Asked to single out the most significant emerging challenges, Snow highlights the ongoing issue of economic risk and the ever-evolving field of cyber threats.
“There’s always an economic risk,” she says. “If something affects the economy, it affects your company, and it affects risk management.
“I would say that most risk managers would tell you that cyber is probably one of their major concerns because of the unknown. There are so many ways that cyber risk can develop—so many new things can happen, even to companies that have really strong IT areas.”
In the field of healthcare risk management, Snow says uncertainty surrounding the impact of the Affordable Care Act (ACA) has resulted in concerns around income.
“If a hospital has worries around income, then that will impact risk management too. You’ve got to be able to have the resources to take care of patient safety. There are some related issues around staffing—we hear rumours of layoffs,” she adds.
The ACA is also a major concern for healthcare insurers, with Aetna CEO Mark Bertolini telling CNBC that Obamacare has failed to attract the uninsured and that his company may have to pull out of the new healthcare exchanges.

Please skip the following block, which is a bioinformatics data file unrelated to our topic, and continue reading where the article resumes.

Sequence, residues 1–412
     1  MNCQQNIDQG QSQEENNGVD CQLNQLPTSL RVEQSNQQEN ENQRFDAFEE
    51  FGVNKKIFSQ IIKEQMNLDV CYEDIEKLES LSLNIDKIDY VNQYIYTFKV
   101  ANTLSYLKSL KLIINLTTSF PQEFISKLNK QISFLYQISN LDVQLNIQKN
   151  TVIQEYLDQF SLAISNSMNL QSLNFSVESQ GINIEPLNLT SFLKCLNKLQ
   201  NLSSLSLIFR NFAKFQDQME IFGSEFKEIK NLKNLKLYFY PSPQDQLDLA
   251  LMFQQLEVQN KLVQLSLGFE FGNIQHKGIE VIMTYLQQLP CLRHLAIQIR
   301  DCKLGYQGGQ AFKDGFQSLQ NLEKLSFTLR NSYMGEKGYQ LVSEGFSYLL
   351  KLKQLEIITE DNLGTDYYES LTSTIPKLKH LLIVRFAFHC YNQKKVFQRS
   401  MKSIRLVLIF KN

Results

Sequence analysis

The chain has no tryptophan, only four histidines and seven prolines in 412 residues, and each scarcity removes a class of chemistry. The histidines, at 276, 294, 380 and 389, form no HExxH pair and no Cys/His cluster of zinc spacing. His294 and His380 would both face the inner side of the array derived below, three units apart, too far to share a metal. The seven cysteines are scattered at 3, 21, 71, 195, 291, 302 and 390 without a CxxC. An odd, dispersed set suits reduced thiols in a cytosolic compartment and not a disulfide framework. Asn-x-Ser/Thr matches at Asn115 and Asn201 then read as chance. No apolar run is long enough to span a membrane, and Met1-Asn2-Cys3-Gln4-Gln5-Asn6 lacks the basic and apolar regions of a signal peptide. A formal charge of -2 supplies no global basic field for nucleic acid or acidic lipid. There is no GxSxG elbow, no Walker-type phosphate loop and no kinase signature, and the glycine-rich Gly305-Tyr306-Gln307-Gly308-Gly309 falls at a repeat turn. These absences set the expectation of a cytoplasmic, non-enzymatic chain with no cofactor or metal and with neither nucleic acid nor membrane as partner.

“For health insurance companies there’s still a lot of uncertainty,” says Snow. “In general the hospitals and the insurance companies support the whole concept of affordable care but we’ve just got to work through it and see what the results are going to be.”
With the push towards electronic health records and the rise of mobile computing, cyber risks are as much an issue in healthcare as in any field of risk management.
“The more social media you have and the more ways to transmit information, the more concern you have around what information is being transmitted,” she says.
In Snow’s opinion, the insurance industry is receptive in helping risk managers deal with emerging risks. “They’re a great source of knowledge, they’re good partners, and they identify opportunities where they can develop products to help risk managers—even if it’s in a smaller area which not every risk manager might need.
“For the most part insurance companies and risk managers are innovative and supportive in sharing their knowledge.”
Snow is well aware of the importance of chapters to the larger organization. “We always want to make sure we are supporting our local chapters because that’s the bedrock of our organization. We want to continue to support and develop them,” she says.
She has a lot to achieve in 2014—but she also plans to enjoy her presidency. “My other main objective for 2014 is just to have some fun—I’m only going to be president once so I want to enjoy my year.”
As director of risk management for health insurer Humana, Carolyn Snow has an intimate knowledge of risk. She has been a member of RIMS for 14 years and on its board of directors for seven years. Previously, she served as the society’s treasurer, secretary and director of external affairs. She is a member of RIMS Kentuckiana/Bluegrass chapter.
RIMS, Humana, Carolyn Snow, TRIA, US, Crisis management